Title: Epidural Hematoma
Author: Rahaf AlFukaha
Scientific editor: Dr. Omar Jbarah
Linguistic Editor: Zain Alsaddi, Philip Sweidan
An epidural hematoma (EDH) is an extra-axial blood accumulation within the space between the inner table of the skull and the dura mater which is the outermost layer of the meninges. (1) It takes a biconvex lenticular shape due to the dura’s adherence to the calvarium, thus not allowing the blood collection to move across sutures.
Intracranial epidural hematomas make up about 1% of all head trauma injuries (2), and while that might seem rather uncommon, they should be taken seriously when evaluating a serious head injury, as they can be fairly life-threatening if not dealt with immediately and appropriately. EDHs are more common in the young adults age group, 20 to 30 year-olds being the most prone (3) as the dura is not yet heavily attached to the calvarium at this age. And studies showed that its more common in men than women. (1)
Etiology and Pathophysiology:
An epidural hematoma is mainly caused by a traumatic injury to the head, like accidental falls (30%), physical abuse (8%), or a motor vehicle crash (53%) (4), but on rare occasions, it could also be due to non-traumatic events such as sinusitis, coagulation disorders, dural metastasis, vascular malformations of the dura, hemorrhagic tumors (5)(6), and very rarely, Langerhans cell histiocytosis (7).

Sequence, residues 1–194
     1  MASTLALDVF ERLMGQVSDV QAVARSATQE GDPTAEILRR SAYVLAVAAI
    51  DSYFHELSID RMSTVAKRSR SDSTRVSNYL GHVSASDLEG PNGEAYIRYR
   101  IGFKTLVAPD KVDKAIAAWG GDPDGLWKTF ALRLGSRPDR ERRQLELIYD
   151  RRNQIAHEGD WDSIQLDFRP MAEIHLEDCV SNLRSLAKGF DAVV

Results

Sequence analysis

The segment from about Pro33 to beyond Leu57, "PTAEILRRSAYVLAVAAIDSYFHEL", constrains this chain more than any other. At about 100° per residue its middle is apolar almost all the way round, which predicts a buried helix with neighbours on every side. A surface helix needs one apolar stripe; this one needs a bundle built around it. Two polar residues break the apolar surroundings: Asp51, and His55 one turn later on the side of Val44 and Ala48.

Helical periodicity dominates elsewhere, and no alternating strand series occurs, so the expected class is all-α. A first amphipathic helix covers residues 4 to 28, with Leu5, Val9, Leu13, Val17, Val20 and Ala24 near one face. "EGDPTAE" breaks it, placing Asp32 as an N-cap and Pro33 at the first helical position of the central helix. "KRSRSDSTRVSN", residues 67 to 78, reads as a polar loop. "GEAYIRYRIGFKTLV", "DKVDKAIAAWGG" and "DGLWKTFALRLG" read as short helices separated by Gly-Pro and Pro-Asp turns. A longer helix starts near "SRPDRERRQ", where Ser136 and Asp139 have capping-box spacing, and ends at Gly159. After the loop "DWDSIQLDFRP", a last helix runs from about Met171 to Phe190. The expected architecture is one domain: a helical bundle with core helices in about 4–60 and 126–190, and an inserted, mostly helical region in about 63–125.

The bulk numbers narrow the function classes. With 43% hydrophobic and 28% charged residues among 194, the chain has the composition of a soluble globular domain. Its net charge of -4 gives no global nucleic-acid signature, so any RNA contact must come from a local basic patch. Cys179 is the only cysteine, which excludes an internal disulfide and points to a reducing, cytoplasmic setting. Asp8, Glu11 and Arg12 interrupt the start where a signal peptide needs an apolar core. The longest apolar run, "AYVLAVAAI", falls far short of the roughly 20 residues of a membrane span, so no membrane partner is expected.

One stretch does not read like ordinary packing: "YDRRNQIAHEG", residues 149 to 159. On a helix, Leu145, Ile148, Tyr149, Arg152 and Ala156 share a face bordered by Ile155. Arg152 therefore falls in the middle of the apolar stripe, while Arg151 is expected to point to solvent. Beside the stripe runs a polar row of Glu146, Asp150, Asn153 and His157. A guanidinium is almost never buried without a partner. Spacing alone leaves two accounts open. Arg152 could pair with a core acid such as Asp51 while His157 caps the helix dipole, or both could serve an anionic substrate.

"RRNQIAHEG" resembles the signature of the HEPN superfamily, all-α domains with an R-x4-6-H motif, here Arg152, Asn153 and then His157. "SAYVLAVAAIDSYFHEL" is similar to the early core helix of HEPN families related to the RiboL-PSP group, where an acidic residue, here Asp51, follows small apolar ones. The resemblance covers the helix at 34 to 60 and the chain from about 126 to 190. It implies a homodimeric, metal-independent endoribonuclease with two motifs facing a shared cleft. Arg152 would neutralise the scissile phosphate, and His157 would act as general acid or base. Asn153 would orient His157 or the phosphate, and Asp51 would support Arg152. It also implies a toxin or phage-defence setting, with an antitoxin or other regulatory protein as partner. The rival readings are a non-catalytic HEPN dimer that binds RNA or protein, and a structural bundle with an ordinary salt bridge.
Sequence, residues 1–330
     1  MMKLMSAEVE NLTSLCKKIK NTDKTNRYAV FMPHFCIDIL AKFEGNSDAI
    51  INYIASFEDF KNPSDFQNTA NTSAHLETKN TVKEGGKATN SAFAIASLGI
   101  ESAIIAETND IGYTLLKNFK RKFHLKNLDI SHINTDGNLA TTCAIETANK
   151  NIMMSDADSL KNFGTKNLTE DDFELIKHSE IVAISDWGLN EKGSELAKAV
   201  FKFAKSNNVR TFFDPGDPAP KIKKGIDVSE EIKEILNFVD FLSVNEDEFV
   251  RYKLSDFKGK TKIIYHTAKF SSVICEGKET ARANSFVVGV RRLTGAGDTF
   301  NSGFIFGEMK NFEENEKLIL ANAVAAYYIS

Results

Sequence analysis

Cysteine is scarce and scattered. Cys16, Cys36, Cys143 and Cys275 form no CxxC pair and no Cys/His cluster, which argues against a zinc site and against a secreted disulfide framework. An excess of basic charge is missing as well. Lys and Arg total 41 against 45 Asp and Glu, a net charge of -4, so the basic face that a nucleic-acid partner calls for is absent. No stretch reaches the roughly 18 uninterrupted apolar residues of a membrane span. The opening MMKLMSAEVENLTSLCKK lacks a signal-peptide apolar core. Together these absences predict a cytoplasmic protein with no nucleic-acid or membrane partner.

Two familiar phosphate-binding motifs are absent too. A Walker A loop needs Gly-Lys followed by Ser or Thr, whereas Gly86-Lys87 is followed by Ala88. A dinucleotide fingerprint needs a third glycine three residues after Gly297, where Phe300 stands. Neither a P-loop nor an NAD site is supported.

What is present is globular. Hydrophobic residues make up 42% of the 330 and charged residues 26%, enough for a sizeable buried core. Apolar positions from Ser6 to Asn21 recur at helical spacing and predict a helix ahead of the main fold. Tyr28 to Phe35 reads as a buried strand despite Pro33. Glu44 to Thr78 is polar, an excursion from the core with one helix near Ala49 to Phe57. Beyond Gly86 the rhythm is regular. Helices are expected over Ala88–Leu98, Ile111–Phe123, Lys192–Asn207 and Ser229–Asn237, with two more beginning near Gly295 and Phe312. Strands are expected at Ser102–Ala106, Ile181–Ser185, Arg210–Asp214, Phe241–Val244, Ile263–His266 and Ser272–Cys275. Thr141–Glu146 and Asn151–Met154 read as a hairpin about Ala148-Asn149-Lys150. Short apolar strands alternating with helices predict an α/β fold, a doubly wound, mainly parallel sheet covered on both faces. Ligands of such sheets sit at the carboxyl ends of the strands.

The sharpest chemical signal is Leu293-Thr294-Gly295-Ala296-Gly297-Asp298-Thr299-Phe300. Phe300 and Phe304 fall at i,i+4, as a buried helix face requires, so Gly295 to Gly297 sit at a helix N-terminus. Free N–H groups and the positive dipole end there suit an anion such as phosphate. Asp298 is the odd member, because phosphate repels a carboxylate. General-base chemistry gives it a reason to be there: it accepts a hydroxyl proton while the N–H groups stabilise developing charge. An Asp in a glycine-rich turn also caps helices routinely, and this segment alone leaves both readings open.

The blood collection in epidural hematomas is mostly from an arterial origin, specifically the middle meningeal artery, seeing as almost all the cases of epidural hematomas are largely associated with a fractured skull (approximately 75% in children and 91% in adults), (8) this in turn usually causes a direct tear in the middle meningeal artery due to its close proximity to the dura mater and the table of the skull, with the pterion being the most common site of rupture. In addition to the arterial origin, blood could come from lacerated dural venous sinuses or the middle meningeal vein, though it is less common, accounting to up to 32% in both children and adult age groups. (9) The most common locations an epidural hematoma could manifest in are the temporal or the temporoparietal region if it was an arterial EDH, and the posterior cranial fossa if it was a venous EDH, (10) with the right side being more predominant than the left side. A previous study done in 1999 showed that 2 to 5% of patients presented with bilateral epidural hematomas. (11)